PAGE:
certain that Republicans and Progres
sives in Congress will be found of
one mind on one Issue after another.
This unity of sentiment will cause
them to fight shoulder to shoulder
against their common opponents. It
will bring into strong relief thev
points of agreement and will throw
into the background the points on
which they disagree. A gradual draw
ing together is inevitable unless de
liberate attempts be made to prevent
reunion by forcing to the front the
points of. disagreement. Roosevelt's
announcement of opposition to re
union quickly followed Munseys over
tures, but there can be no doubt that
Munsey's sentiments are shared by a
large element among the Progressives.
If the movement started by Munsey
should gain strength, the Colonel may
change front, for he is above all an
Reconciliation will be helped along
by the evident hopelessness of effec
tive opposition to the Democrats by
either Republicans or Progressives
alone, or of victory for either in an
election. Even if the Democrats were
to alienate a million votes, those votes
would be so divided between the W)
opposing parties as to leave each still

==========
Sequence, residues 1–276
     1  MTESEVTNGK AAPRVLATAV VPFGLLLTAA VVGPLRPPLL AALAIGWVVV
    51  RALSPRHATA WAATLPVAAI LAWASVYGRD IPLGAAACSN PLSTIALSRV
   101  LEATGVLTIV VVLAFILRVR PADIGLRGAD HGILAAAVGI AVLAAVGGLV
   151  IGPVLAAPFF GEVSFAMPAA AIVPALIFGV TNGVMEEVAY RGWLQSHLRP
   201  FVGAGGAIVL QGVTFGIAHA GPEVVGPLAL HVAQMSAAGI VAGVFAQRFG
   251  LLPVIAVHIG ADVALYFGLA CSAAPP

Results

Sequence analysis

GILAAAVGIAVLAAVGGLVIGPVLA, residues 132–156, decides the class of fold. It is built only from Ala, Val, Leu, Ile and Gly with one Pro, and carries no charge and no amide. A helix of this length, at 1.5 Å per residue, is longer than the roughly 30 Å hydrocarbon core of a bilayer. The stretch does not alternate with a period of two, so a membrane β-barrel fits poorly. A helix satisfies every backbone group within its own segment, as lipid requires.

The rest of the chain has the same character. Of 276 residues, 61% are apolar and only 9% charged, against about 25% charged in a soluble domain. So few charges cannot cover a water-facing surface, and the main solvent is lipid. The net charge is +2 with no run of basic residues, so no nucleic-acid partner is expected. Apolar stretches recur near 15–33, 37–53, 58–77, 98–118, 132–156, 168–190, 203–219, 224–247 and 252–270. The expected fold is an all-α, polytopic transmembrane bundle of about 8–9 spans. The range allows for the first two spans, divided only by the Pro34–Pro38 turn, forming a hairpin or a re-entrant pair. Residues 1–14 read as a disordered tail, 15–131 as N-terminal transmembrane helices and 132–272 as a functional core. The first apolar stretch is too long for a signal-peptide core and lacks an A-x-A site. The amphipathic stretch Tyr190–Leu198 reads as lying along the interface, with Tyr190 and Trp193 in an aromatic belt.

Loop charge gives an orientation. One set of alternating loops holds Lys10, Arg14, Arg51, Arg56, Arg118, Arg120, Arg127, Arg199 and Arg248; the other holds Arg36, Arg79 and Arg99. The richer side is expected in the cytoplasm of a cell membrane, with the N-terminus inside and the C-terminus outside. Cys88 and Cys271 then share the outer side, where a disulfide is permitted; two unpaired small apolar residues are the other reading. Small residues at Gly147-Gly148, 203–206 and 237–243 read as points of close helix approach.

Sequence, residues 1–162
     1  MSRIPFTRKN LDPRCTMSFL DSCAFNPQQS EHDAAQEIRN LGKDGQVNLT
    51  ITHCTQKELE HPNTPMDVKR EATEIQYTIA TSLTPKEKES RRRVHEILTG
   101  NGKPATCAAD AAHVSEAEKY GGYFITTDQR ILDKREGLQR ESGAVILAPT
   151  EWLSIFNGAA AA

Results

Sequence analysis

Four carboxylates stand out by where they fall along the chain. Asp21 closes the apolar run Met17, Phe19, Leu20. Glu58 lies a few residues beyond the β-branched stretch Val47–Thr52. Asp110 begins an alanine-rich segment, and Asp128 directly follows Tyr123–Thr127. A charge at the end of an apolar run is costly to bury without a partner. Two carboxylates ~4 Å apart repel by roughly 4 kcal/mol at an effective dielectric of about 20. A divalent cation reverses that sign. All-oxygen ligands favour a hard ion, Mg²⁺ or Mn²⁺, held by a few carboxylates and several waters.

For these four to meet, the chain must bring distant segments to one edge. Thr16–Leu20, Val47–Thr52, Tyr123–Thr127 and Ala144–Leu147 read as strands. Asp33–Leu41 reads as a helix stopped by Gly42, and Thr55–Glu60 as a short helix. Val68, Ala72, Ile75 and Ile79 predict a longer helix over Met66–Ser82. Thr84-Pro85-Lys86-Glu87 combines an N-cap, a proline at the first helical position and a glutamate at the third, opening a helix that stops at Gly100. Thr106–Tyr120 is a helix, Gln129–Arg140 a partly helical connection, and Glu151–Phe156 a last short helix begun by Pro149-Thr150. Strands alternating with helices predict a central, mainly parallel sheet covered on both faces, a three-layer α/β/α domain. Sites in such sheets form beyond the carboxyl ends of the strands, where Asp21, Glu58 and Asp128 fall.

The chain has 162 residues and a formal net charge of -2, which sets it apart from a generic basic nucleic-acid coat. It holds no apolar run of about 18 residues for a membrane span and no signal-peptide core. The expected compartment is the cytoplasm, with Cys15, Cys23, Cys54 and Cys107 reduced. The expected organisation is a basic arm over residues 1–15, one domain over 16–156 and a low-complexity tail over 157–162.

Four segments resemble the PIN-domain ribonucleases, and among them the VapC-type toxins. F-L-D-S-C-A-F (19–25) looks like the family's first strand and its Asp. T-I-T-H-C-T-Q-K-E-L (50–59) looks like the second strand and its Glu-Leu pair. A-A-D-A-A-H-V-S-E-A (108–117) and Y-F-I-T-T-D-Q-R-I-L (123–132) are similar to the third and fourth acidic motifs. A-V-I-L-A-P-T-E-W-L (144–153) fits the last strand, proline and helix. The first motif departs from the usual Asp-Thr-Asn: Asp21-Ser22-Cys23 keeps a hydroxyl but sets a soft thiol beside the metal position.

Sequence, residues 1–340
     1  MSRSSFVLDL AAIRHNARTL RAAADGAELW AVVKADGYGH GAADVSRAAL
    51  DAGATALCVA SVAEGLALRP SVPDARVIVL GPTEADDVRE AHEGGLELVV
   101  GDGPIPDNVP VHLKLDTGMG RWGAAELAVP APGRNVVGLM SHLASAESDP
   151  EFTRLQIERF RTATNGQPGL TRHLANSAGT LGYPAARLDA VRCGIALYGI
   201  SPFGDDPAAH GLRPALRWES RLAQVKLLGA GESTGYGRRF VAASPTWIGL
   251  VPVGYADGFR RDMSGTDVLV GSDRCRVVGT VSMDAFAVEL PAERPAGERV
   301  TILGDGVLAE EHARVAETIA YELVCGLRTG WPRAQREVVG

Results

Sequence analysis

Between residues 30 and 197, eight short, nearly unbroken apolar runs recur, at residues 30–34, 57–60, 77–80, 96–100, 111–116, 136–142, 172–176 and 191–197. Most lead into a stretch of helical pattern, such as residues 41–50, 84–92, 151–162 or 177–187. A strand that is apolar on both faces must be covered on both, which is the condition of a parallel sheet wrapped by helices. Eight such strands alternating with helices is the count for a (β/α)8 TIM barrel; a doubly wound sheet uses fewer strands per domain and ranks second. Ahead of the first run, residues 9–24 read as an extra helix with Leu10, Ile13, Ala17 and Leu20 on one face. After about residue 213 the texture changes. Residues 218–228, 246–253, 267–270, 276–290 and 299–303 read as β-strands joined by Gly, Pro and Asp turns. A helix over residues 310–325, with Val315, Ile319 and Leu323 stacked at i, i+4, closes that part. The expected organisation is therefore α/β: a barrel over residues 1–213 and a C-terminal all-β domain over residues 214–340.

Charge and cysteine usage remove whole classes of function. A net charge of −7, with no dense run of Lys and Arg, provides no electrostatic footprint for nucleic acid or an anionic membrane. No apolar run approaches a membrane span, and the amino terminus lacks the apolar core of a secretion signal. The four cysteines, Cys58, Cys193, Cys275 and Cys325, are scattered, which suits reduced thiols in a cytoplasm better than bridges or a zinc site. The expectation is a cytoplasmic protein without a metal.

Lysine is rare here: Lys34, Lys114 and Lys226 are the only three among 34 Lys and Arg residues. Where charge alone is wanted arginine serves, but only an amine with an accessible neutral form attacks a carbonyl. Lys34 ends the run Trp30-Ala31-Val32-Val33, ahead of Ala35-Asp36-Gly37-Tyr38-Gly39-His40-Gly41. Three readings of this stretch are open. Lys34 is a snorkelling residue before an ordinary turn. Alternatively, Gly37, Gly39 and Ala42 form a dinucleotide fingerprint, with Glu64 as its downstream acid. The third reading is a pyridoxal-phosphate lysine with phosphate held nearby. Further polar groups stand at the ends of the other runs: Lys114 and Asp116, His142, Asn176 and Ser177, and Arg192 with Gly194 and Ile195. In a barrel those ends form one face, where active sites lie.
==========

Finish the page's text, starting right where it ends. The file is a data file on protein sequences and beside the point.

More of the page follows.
far short of plurality should only
present strength be retained. Success
can be gained only by union of forces.
The Progressive party is in danger
of having its strength worn down by
mnatant attrition Of the Other
parties. Wilson's fixed determination
to pursue a progressive policy pre
sages the attraction to his standard of
ErnnsAvelt ndmirers who will fol
low the man who does the things they
want done, no matter' what political
label he may wear. The Republican
party, on the other hand, will be under
progressive leadership and will be
Haiii- min rivl n f trm reasons for its for
mer members to remain outside the
ranks. The most astute leanersnip on
Roosevelt's Dart will be required to
counteract these tendencies.
Munsey suggests reunion of the di
vided party under the name "Liberal,"
to include nil nroeressives. But that
presupposes that the Democratic party
will become conservative. It is not
cn hut l actnallv comnetina with the
other parties for the right to be called
progressive or liberal, Tne struggle
.1 hannm. inA hlltli'CPTl tWO -iirRIlliS
I'HIJ -- . . - r
of Drogressivlsm, not between liberal
and- conservative. It still remains to
he nroverl that the vested interests are
strong enough to establish a party
frankly labeled "conservative" with
any hope of success at the polls. That
they have not been so is evident from
their having hitherto divided between
the Republican and Democratic par
ties, evidently with the hope of check